light aircraft propeller.
Hartzell's "Second Generation" Advanced Structural Composite
prop is a breathtaking step forward for light aircraft prop design
and engineering. ASC-II sports a composite monocoque structure
composed of carbon/Kevlar laminate, integrated into a co-molded
stainless steel shank. The outboard half of the leading edge is
protected with a co-molded electroformed nickel erosion shield, and
aluminum mesh is embedded into the laminate for lightning
Hartzell says the new design offers numerous benefits to
aircraft owners, including a 30% weight reduction per blade over
comparable metal blades. Those composite blades also provide
dramatic reductions in inertia, which is VERY important for
aerobatic aircraft to minimize the gyroscopic effects of the
propeller. Often, it also means lower vibration and smoother
operation for GA aircraft.
The company also states
when it is properly maintained, the Hartzell ASC-II blade will
never require replacement... because, unlike a metal blade, its
surface can be restored.
A typical bane of composite propellers is they can't quite match
the performance of metal blades, since metal blades can be produced
with the thin airfoil sections needed for maximum performance.
However, Hartzell says the use of carbon, in combination with
Hartzell's specialized manufacturing process, yields a strong, yet
thin, monocoque structure that permits the use of thinner airfoil
sections at the blade tips and performance comparable to metal.
As further proof of that claim, Hartzell's ASC-II is standard
equipment on the new Cirrus SR22 Turbo.
Max Trescott's G1000 Glass Cockpit Handbook
There is a revolution
sweeping through general aviation. Two years ago, few aircraft
shipped with glass cockpits. Now, nearly 100% of all new GA
aircraft ship with glass cockpits, many of them the Garmin G1000.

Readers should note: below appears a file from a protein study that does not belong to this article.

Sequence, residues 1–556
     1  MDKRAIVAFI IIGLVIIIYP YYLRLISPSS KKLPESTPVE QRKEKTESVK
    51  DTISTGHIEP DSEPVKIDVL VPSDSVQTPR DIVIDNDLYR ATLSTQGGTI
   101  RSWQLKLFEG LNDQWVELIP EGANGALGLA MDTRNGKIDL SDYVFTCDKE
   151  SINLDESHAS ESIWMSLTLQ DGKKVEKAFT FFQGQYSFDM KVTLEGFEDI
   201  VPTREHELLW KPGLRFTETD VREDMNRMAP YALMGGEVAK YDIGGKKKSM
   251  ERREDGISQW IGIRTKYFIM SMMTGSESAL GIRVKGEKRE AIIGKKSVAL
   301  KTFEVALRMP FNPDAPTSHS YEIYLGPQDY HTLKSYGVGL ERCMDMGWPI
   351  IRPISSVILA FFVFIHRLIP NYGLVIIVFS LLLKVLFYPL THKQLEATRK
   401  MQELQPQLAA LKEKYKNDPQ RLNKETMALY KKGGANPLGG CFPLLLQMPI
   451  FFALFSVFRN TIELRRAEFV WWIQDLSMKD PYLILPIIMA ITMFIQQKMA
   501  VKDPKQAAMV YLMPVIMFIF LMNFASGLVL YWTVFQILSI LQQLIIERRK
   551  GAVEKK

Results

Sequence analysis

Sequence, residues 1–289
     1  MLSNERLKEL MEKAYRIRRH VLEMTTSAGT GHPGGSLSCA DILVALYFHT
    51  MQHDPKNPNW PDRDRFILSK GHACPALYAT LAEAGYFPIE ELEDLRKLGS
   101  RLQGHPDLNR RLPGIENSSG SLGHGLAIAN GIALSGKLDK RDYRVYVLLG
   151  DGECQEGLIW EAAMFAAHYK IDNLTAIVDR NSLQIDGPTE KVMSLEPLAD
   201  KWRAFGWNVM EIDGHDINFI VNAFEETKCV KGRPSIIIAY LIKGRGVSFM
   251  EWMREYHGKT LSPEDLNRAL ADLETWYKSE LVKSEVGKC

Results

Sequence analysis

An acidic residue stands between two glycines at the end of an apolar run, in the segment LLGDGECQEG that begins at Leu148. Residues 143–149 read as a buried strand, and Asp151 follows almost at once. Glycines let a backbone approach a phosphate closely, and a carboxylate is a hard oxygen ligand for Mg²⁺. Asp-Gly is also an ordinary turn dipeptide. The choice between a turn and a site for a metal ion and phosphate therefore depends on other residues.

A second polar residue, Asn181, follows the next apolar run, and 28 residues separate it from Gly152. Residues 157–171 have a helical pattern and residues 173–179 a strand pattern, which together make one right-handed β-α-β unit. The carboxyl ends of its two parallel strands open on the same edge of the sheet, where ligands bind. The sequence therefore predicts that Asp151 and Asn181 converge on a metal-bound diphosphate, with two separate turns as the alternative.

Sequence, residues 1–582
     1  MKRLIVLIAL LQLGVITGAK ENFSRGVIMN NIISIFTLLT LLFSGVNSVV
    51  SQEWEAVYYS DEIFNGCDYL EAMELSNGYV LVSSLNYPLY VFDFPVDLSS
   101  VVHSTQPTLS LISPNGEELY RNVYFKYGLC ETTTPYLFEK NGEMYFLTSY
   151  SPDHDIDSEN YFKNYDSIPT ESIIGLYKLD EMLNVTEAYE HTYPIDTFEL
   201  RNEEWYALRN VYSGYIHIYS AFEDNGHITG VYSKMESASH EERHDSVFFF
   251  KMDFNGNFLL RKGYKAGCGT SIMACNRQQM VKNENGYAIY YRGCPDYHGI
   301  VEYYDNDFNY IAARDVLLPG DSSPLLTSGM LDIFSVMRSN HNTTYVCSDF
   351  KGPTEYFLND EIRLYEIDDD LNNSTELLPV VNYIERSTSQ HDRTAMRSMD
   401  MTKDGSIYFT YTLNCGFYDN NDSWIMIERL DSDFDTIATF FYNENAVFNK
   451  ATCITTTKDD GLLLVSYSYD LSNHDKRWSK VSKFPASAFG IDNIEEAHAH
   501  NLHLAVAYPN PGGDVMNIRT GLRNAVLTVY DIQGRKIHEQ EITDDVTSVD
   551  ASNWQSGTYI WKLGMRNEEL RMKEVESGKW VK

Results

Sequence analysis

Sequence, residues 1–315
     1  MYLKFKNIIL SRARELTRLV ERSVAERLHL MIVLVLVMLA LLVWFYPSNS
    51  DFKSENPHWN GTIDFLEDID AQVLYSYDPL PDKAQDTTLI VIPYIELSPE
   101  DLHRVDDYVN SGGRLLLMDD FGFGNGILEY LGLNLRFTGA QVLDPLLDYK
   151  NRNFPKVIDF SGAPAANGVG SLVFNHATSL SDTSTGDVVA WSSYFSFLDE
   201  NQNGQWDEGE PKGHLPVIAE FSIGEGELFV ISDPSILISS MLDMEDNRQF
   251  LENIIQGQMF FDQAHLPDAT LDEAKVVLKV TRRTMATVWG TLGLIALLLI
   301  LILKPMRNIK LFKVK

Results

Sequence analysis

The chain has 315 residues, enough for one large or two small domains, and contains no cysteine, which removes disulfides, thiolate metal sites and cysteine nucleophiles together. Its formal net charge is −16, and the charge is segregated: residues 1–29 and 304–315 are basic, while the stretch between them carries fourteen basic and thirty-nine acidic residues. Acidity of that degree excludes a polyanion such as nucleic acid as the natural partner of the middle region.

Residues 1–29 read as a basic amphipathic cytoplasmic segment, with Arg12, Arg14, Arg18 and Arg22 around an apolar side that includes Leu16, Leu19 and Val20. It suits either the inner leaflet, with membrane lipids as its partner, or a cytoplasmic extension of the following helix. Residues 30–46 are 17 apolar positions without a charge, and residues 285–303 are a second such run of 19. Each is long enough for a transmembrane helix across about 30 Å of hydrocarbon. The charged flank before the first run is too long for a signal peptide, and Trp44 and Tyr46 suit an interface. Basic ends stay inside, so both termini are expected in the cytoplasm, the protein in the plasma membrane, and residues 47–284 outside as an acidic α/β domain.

Whether you’re an owner, potential owner, or renter (more
than 150 locations rent G1000-equipped aircraft), you’ll want
to become expert at flying these exciting new aircraft and benefit
from their enhanced safety.
Until now, there’s been no single source of information
that educates pilots about all of the features and benefits of
flying the G1000, and how features vary between aircraft
manufacturers. Whether you fly Beechcraft, Cessna, Columbia,
Diamond, Mooney or Tiger aircraft, you’ll learn which G1000
features apply to your particular aircraft.
Max Trescott, a Master CFI who’s trained and taught
extensively in glass cockpit aircraft, takes a narrative approach
to explaining the G1000 in ways that both beginners and experts can
understand. In "Max Trescott's G1000 Glass Cockpit
Handbook," the author not only explains every system
feature, but also provides information on when and why you’d
use a particular function are also included. The book is loaded
with illustrations and “tips” gleaned from leading
glass cockpit instructors around the country.
Instrument pilots will find the book valuable, since it explains
how to fly instrument approaches with the G1000, and integrates the
proper use of an autopilot throughout the approach. Data link
weather and Stormscopes® are popular G1000 option, and the book
details how the weather data is gathered and delivered to the
plane, so that you’ll understand the limitations and proper
use of the information.
The book is $34.95, soft cover, 244 pages, 40 in color, and
illustrated with more than 275 computer screen shots and
photographs, glossary and index. If you prefer your information in
the digital format, Trescott also offers a two-disc CD-ROM for
$99.95. Either way... this should be required reading for all
G1000-jockeys out there.
Coming Wednesday... The Next Three Selections For
ANN's Best Programs And Gadgets Of 2006